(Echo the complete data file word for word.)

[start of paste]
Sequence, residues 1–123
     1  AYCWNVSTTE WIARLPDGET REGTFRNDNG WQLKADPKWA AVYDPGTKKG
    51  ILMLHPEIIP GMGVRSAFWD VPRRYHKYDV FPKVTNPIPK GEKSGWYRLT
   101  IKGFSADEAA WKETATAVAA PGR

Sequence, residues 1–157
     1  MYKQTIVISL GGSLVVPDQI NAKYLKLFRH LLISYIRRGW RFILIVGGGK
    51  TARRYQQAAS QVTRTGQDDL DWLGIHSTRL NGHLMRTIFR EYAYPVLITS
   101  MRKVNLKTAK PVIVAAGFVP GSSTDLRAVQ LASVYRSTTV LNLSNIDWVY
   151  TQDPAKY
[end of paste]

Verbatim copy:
Sequence, residues 1–123
     1  AYCWNVSTTE WIARLPDGET REGTFRNDNG WQLKADPKWA AVYDPGTKKG
    51  ILMLHPEIIP GMGVRSAFWD VPRRYHKYDV FPKVTNPIPK GEKSGWYRLT
   101  IKGFSADEAA WKETATAVAA PGR

Sequence, residues 1–157
     1  MYKQTIVISL GGSLVVPDQI NAKYLKLFRH LLISYIRRGW RFILIVGGGK
    51  TARRYQQAAS QVTRTGQDDL DWLGIHSTRL NGHLMRTIFR EYAYPVLITS
   101  MRKVNLKTAK PVIVAAGFVP GSSTDLRAVQ LASVYRSTTV LNLSNIDWVY
   151  TQDPAKY